At the ripe old age of 20, Bow Wow's already released five albums, appeared on the Grammys, and acted in a handful of movies.
No, you don't have to call him Mr. Wow.
But you shouldn't call him Lil' Bow Wow either.
It's just Bow Wow these days, thank you very much.
This hip hop sensation's no young pup anymore. At the ripe old age of 20, he's already released five albums, appeared on the Grammys, and acted in a handful of movies.
The Columbus native, whose real name is Shad Moss, appears to have succeeded where so many young sensations fail - making the transition from cute kid rapper to the real deal.
"It's definitely not an easy thing to do, but I think that it's all about how you do it," he told The Blade in a telephone interview.
On tour for his most recent musical release, "The Price of Fame," Bow Wow was scheduled to perform in Toledo last month in the SeaGate Convention Centre, but the plans were canceled twice and no future Toledo shows are scheduled.
The young rapper got his name (with the Lil') from rapper Snoop Dogg in the early '90s when they met at a concert after Bow Wow had gotten on stage during intermission and started rapping.
He was 6.
His debut album in 2000, "Beware of Dog," sold more than 3 million copies, thanks to the popularity of hits like "Bounce with Me" and "Bow Wow (That's My Name)." Two years later, his starring role on film in the basketball movie Like Mike (about a teenaged orphan who plays in the NBA) grossed more than $50 million in the United States.
As the rapper got older, he didn't want the world and his fans to keep thinking of him as being forever 13.
"People viewed me as that cute little kid. And I just really wanted to find a way by the time I hit 16 to let people know I was maturing and becoming a man," he said.
But Bow Wow didn't want to force it. He didn't want people to suddenly start reading about him hanging out in clubs, smoking, drinking, or doing whatever adults do just to make people understand that he's grown up.
"I kind of stayed away from that and kind of wanted to come up with it in a different way, and my way was through my music," he said. "I feel like one thing that you can't deny is good music."
By the time he was 16, he had dropped the "Lil" and started producing music he considers edgier and more mature.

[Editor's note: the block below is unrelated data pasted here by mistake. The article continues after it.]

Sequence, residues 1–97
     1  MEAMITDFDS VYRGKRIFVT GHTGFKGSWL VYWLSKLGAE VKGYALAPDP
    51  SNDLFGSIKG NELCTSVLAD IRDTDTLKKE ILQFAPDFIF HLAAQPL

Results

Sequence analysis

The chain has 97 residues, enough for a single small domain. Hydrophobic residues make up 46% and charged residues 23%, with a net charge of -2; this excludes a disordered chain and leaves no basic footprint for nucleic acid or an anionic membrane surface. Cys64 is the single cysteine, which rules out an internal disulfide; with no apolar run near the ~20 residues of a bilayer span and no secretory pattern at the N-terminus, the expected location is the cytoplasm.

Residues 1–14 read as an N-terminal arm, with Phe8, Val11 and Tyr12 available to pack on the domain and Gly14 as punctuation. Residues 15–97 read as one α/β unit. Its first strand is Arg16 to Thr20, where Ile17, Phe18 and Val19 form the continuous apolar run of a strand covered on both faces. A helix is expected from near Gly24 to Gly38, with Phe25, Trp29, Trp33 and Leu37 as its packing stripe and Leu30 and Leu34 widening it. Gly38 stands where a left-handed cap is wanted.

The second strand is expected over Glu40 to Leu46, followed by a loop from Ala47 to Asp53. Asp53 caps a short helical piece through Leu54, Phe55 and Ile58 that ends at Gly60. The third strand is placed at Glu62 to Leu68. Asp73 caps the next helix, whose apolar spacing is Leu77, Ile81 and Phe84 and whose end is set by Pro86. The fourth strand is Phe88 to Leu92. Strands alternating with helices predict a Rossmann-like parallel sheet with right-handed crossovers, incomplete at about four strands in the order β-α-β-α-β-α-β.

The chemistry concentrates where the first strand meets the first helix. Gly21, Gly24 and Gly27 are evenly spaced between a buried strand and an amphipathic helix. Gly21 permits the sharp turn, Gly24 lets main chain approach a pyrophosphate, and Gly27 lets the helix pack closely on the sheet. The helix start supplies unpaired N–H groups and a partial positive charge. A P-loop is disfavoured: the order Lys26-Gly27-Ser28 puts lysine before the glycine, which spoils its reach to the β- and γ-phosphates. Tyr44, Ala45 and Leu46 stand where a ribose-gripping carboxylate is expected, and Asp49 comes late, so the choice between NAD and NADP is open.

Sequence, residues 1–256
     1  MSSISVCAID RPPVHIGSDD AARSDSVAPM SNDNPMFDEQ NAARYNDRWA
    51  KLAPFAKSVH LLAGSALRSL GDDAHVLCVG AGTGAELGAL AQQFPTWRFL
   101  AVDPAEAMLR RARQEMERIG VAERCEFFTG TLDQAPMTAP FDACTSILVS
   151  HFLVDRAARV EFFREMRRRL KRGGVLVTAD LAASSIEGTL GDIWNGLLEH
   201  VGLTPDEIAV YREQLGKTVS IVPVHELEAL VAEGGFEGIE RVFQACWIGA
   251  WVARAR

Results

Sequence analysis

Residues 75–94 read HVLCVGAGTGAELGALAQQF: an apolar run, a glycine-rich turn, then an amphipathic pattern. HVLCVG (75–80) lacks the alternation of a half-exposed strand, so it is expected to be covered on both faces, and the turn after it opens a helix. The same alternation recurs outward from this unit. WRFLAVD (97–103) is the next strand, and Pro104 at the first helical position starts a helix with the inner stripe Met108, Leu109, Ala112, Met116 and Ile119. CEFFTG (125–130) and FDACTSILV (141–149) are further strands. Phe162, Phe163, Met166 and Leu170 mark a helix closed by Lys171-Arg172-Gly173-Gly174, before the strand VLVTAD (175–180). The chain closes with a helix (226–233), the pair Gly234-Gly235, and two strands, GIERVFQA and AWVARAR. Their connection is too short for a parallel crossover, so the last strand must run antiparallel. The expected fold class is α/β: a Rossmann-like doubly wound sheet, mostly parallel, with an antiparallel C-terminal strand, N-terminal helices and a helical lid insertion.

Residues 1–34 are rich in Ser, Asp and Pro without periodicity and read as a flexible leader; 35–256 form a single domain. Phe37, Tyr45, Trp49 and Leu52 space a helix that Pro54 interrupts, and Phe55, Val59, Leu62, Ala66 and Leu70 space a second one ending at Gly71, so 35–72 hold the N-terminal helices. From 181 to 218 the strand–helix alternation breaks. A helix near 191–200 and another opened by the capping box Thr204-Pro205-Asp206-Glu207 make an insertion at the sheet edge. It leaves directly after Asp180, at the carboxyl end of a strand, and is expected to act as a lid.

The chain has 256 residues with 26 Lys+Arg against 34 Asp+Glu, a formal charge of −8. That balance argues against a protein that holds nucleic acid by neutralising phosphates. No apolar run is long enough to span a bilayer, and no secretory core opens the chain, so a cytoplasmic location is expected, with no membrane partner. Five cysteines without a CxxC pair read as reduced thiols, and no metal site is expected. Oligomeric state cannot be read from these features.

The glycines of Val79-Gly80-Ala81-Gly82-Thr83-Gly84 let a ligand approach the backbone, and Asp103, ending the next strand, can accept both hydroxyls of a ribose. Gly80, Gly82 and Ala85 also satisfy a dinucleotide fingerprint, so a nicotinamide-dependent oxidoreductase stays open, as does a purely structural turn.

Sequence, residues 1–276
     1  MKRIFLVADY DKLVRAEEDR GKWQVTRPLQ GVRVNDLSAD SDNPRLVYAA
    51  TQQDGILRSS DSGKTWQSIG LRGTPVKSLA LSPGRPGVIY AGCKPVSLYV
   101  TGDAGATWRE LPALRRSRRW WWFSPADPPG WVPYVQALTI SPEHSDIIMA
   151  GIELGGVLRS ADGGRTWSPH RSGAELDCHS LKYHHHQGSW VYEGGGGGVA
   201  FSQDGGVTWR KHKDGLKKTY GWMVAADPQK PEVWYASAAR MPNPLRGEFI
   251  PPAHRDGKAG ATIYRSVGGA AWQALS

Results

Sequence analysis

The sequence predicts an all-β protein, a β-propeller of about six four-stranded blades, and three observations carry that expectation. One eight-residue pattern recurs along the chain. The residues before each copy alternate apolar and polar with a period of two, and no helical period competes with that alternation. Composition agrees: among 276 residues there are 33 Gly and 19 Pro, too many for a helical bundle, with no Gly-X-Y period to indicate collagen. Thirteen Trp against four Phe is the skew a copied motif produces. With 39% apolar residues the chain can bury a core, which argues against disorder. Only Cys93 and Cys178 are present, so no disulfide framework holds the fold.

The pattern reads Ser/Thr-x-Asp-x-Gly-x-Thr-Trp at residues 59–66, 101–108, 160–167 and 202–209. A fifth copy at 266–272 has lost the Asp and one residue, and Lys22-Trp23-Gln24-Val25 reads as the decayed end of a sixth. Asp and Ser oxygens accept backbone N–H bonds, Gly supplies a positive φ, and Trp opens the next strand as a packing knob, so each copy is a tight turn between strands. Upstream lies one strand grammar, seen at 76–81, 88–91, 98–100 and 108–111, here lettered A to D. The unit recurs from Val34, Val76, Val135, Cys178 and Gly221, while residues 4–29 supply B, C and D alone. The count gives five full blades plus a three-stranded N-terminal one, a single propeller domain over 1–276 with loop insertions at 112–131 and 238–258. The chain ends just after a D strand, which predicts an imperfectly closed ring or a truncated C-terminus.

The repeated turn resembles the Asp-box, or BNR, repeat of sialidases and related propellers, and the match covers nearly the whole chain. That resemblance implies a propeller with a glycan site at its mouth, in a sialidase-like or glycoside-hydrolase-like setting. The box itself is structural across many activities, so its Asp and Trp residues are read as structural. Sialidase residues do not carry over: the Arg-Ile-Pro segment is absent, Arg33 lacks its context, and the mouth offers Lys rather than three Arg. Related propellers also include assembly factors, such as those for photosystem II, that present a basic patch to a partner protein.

"It really has to do with me and where I'm at with my life," he said. "I'm able to express myself differently now. My fans have grown up with me."
It must be working. Bow Wow's new album reached Number 6 on the Billboard 200 chart and produced hits such as "Shortie Like Mine" and "I'm a Flirt."
Despite achieving fame at a young age and appearing in movies like Johnson Family Vacation and Roll Bounce, Bow Wow said he surrounds himself with people who keep him humble.
"I remember where I come from and at the same time I remember who I was before all this even happened," he said. "My mother worked three jobs. I know my father but he really wasn't around. I definitely can't say I came from a hard-core background or anything like that, but I didn't come from no wealthy one. Far from it."
His new album comes at a time when exactly what rap stars say in their songs has come under renewed fire. When former radio host Don Imus made racist and sexist comments in April about the Rutgers women's basketball team, some argued that nu-merous hip hop artists get away with worse.
Bow Wow said certain words that are quick to offend (such as the n-word) have been in use so long that they've become common and accepted in the urban community.
"I'm not saying to use it, because it is a word, like I said, that can very easily offend people, but at the same time it's hard for a lot of artists - and not only artists but for a lot of people - not to use it because it's so common," he said.
Hip-hop is real, he said, and it reflects what many fans feel and go through.
"I think that the critics can't take what's real," he said. "They don't want to hear what goes on in the 'hood. They don't want to hear what goes on in these areas that they have no idea about or are scared to go to."
Bow Wow said parents need to take a certain amount of responsibility if they don't want their kids listening to that music, and there are better alternatives than banning words.
"When it comes to the whole language thing, you have a choice," he said. "Either you buy it or you don't. Or you listen to it or you don't."
Contact Ryan E. Smith at:
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